Governor, Business Owners Tout Minimum Wage Hike

Mar 7, 2014

Gov. Martin O'Malley flips through a print-to-order book printed by Linemark in Upper Marlboro, Md.
Credit Christopher Connelly/WYPR

Gov. Martin O’Malley met with small business owners yesterday at Linemark, a printing company in Upper Marlboro. He was there to tout his plan to raise the state’s minimum wage and talk with business owners from around the state.

Linemark and the rest of the companies represented at the event pay their workers above the state’s minimum wage.

WYPR’s Christopher Connelly sat down with the governor afterward to talk about the minimum wage, which the House of Delegates will give its final vote on the measure later today.

On the economic case for raising the minimum wage.

“The business owners I talked to today know that when workers earn more money, businesses have more customers, and that’s really how our economy grows. That’s why we made our country the envy of the world. We had the strongest, fastest, most upwardly mobile middle class on the planet just a few decades ago. But we’ve turned away from the formula that made us great.”

On why the now is the right time to raise the minimum wage.

“Eight years ago, the Maryland General Assembly – over the veto of the former Republican governor – by large margins passed an increase to the minimum wage. And it’s time to do that again. That’s because there are 21 other states that have a higher minimum wage than we do as Marylanders, even though we have the highest median income of any state in the union. So it has come time.”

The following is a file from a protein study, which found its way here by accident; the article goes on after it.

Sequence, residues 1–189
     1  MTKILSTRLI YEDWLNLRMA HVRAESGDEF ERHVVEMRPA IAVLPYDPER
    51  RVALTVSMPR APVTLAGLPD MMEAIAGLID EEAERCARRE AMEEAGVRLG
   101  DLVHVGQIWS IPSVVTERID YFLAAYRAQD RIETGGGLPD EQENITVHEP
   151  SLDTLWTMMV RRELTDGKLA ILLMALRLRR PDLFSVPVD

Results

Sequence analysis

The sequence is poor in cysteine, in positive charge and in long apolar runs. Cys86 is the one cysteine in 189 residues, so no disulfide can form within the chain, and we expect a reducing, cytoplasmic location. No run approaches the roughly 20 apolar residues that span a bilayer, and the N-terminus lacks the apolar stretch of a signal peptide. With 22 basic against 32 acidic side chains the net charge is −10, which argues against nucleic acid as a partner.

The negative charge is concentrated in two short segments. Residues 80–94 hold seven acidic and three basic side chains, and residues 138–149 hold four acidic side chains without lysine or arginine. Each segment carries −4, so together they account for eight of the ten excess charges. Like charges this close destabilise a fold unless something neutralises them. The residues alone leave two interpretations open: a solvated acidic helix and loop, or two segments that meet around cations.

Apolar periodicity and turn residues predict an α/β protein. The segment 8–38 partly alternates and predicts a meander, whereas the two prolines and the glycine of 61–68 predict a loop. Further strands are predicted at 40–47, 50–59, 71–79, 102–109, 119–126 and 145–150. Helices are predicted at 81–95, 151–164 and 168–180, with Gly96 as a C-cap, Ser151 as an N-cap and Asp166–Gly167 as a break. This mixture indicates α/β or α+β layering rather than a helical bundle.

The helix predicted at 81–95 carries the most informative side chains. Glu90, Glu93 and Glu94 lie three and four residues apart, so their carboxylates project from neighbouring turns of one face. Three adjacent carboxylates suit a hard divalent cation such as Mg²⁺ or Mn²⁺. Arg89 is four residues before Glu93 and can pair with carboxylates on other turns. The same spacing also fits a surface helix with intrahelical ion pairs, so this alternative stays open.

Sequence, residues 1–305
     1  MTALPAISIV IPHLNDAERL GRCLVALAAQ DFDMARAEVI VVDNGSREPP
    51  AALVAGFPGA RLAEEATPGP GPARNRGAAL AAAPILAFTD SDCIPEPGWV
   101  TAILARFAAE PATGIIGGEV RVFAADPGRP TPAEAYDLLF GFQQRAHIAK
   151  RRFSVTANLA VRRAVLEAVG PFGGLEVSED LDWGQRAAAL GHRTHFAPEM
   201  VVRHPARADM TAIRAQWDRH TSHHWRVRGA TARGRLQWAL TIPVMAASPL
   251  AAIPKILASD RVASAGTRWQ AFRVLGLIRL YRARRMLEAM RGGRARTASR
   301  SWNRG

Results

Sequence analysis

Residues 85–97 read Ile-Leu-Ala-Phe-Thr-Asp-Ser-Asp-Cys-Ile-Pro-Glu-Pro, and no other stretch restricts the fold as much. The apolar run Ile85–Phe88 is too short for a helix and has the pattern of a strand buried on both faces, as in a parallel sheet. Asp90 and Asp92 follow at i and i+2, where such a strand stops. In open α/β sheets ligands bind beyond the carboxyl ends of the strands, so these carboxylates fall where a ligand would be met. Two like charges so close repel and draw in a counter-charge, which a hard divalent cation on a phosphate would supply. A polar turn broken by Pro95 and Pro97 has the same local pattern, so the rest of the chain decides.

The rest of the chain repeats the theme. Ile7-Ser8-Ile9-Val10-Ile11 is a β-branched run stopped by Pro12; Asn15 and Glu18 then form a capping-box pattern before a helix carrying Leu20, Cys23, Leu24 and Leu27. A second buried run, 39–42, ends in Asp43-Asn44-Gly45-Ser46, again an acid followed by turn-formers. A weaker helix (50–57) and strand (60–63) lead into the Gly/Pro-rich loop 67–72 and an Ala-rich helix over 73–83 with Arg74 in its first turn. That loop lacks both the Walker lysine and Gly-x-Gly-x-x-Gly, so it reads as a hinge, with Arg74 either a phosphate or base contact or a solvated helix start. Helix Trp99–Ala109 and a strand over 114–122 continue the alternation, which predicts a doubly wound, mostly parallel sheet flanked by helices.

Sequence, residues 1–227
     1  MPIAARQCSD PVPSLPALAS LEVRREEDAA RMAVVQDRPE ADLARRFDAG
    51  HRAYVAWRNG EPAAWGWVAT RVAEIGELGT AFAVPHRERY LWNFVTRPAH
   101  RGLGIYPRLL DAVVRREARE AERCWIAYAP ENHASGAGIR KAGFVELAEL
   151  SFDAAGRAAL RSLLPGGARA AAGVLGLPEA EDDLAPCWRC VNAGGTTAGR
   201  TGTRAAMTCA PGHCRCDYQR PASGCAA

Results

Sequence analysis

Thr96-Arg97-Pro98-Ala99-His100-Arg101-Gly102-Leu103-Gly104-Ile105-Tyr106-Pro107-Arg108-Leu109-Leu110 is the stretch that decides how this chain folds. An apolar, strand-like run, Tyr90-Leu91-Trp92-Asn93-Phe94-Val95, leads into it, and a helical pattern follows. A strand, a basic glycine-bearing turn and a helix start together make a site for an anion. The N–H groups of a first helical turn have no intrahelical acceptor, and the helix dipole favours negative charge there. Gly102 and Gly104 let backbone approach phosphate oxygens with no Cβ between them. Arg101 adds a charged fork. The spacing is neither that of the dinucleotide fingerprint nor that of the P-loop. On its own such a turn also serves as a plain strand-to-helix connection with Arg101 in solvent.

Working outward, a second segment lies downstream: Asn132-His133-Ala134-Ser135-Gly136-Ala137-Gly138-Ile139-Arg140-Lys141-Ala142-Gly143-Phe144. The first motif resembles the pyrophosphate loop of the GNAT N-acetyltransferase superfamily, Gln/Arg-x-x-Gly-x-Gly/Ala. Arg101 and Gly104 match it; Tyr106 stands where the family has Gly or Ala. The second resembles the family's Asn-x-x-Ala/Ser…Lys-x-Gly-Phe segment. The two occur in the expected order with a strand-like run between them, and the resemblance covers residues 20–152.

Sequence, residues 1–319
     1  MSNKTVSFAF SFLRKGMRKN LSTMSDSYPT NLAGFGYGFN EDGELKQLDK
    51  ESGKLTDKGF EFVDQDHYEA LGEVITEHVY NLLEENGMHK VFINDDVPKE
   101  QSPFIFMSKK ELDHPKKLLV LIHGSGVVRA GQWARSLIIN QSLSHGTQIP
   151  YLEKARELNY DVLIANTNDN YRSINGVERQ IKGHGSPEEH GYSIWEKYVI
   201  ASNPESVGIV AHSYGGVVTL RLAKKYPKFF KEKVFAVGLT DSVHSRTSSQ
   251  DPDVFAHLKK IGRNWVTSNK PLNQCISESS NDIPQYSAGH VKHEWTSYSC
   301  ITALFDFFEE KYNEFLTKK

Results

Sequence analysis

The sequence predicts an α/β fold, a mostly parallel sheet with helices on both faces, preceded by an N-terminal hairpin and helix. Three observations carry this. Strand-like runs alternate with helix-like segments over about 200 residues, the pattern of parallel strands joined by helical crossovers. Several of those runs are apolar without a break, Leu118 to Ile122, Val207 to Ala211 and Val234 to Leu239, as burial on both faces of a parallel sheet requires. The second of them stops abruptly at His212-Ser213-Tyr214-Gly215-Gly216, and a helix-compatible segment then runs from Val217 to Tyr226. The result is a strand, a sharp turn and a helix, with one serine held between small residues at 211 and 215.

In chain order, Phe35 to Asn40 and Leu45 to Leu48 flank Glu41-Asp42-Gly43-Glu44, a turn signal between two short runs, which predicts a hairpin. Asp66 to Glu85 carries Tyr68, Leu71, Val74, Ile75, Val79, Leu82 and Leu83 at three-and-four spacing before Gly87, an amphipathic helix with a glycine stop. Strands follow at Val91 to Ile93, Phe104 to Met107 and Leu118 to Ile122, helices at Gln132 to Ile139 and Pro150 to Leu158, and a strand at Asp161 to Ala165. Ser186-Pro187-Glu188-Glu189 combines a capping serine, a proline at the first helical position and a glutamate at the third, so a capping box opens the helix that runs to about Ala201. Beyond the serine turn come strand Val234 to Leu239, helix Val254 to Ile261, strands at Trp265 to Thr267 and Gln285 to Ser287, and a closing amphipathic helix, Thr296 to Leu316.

On the House Economic Matters Committee’s removal of a provision to index the minimum wage to the Consumer Price Index.

“I think legislatures by their nature tend not to index the things that they should, and they tend to index too many things that they shouldn’t. When it comes to annual expenditures, I think having the ability to make those judgments in order to balance the budget is something that’s important for fiscal discipline. But when it comes to things like the minimum wage, I think we would all be better served if it were indexed to inflation or the cost of living. I’m hoping that the senate in their consideration of this will revisit the indexing. And at the very least I hope they’ll pass the $10.10.”

Governor O’Malley said it seemed unlikely that the Senate would return the provision to index the minimum wage to inflation starting in 2018 back into the bill. But, he said, “sometimes legislatures surprise us.”